"You wicked and lazy servant!" his master retorts. The words are so severe, we are hardly prepared. Maybe the master is as harsh as the servant accuses. "You knew, did you, that I reap where I did not sow, and gather where I did not scatter? Then you ought to have invested my money with the bankers, and on my return I would have received what was mine with interest. So take the talent from him and give it to the one who has ten talents."

Now we are faced with a judgment. For whom must we decide in this parable, the master or the third servant? Who is the wicked or hard-hearted one? Against whom should the verdict be rendered? The judgment of the parable is against the third servant. The master merely repeats the servant's accusation, finding in its inconsistency a fundamental dishonesty. This servant is not good or trustworthy. This servant has tried to blame his master for his own failures. This servant has refused to take responsibility for what was entrusted to him. By burying it in the ground, he simply absolved himself of any possible loss. He shows himself to be concerned not at all for his master, but only for himself.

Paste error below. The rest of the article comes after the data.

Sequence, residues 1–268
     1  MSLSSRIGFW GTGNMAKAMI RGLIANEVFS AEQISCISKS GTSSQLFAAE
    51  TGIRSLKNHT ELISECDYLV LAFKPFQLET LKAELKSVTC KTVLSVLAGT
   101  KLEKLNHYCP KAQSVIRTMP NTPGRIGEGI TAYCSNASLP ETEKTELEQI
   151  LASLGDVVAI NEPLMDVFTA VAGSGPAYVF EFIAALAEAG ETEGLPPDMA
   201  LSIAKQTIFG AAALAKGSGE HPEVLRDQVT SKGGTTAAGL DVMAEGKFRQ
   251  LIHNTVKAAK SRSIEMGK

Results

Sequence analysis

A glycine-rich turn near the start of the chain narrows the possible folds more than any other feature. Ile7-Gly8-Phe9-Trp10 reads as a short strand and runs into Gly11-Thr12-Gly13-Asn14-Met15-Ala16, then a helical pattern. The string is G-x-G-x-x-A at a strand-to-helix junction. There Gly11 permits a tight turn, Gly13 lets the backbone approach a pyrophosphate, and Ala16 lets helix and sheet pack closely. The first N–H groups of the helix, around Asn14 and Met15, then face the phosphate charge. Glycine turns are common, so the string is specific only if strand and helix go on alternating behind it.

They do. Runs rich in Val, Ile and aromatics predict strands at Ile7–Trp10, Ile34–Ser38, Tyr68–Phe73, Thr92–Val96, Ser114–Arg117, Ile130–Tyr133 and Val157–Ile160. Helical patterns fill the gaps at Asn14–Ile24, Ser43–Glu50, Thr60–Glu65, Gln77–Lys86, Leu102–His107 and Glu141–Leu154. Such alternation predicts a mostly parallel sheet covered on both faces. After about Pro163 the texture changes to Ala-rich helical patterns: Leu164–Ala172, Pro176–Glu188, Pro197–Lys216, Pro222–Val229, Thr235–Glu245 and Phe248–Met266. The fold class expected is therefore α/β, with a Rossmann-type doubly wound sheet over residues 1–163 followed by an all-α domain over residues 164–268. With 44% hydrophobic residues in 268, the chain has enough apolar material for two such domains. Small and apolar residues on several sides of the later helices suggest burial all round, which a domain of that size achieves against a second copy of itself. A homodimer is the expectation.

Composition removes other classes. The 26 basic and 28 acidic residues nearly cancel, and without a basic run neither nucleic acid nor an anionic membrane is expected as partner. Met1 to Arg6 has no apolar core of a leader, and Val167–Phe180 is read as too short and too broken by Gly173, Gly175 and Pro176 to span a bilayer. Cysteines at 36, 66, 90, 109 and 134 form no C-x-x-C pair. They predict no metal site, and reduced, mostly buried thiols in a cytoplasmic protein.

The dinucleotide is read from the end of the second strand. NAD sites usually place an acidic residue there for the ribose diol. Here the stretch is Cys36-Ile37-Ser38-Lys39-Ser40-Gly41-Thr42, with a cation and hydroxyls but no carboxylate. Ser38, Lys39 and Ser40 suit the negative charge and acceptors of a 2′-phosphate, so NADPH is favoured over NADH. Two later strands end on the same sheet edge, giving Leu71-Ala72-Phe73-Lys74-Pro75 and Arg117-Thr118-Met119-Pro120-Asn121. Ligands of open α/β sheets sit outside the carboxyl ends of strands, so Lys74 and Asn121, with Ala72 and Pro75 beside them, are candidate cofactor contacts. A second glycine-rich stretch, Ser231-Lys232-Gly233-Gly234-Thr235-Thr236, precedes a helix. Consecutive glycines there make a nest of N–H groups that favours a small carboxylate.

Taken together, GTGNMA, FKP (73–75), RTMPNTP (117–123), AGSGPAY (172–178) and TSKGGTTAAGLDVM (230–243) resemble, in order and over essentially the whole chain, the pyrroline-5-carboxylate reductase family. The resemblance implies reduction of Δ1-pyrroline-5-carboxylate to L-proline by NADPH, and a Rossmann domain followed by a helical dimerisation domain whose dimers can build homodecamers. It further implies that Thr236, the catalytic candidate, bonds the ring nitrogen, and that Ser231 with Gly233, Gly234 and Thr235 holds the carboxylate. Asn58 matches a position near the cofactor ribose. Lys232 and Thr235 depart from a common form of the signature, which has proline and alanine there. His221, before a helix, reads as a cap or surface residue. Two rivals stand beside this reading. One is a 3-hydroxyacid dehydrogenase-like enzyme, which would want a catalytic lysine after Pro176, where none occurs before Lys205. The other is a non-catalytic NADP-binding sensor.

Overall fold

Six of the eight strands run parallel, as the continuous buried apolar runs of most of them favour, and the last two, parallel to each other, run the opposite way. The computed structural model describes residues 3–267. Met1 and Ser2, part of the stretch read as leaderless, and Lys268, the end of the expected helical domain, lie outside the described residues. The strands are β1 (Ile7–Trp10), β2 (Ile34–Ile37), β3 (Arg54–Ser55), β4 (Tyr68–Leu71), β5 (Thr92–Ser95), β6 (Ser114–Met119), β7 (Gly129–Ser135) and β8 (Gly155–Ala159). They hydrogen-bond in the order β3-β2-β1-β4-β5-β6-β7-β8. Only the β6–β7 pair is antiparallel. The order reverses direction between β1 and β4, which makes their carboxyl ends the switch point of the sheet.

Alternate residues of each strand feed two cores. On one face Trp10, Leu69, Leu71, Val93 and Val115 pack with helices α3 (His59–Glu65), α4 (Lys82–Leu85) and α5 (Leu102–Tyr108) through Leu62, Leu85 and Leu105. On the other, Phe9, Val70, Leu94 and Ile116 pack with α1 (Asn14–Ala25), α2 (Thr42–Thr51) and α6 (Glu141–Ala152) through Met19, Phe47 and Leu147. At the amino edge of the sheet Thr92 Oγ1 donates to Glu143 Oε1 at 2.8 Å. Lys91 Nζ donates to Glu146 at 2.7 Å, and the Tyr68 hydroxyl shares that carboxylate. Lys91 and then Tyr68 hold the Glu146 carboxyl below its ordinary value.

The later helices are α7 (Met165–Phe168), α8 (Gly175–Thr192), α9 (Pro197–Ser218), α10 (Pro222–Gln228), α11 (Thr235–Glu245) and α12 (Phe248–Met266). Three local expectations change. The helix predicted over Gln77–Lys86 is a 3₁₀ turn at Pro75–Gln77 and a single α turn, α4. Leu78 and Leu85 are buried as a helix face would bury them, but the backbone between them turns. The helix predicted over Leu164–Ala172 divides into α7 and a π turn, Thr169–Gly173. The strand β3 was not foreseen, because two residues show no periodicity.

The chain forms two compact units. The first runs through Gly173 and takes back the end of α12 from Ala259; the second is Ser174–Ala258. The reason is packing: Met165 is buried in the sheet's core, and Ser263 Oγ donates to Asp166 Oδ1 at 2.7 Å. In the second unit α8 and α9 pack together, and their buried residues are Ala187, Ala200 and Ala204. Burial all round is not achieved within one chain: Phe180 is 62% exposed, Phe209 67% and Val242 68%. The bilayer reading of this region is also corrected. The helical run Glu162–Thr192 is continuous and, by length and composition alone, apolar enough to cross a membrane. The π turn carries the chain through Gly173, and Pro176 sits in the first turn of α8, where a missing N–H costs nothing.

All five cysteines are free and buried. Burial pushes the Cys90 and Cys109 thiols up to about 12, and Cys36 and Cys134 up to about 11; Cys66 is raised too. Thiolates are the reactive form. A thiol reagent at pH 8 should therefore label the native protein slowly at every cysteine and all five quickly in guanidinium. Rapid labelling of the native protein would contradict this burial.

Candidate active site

This is one of my favorite parables, not because of what it says about the third servant--which is rather sobering--but because of what it says about life and God. What it says is that something very precious has been entrusted to us. Call it life. Call it our talents, our abilities, our resources for living. Whatever it is, all that it is, we have been given. It is ours "for the time being." And God doesn't want us to hoard it, or hide it, or simply try to preserve it. The master could have buried his silver in the ground. He did not need his servants to do that! The whole point is that what we have been given is an opportunity, a lease on life, an invitation to venture. And we are to do what we can to make the most of it--not for ourselves, but for the sake of the One who has entrusted all things to us. Indeed, if we are like the first two servants, good and trustworthy, we will be the ones to reap beyond what we have sown and to gather beyond what we have scattered.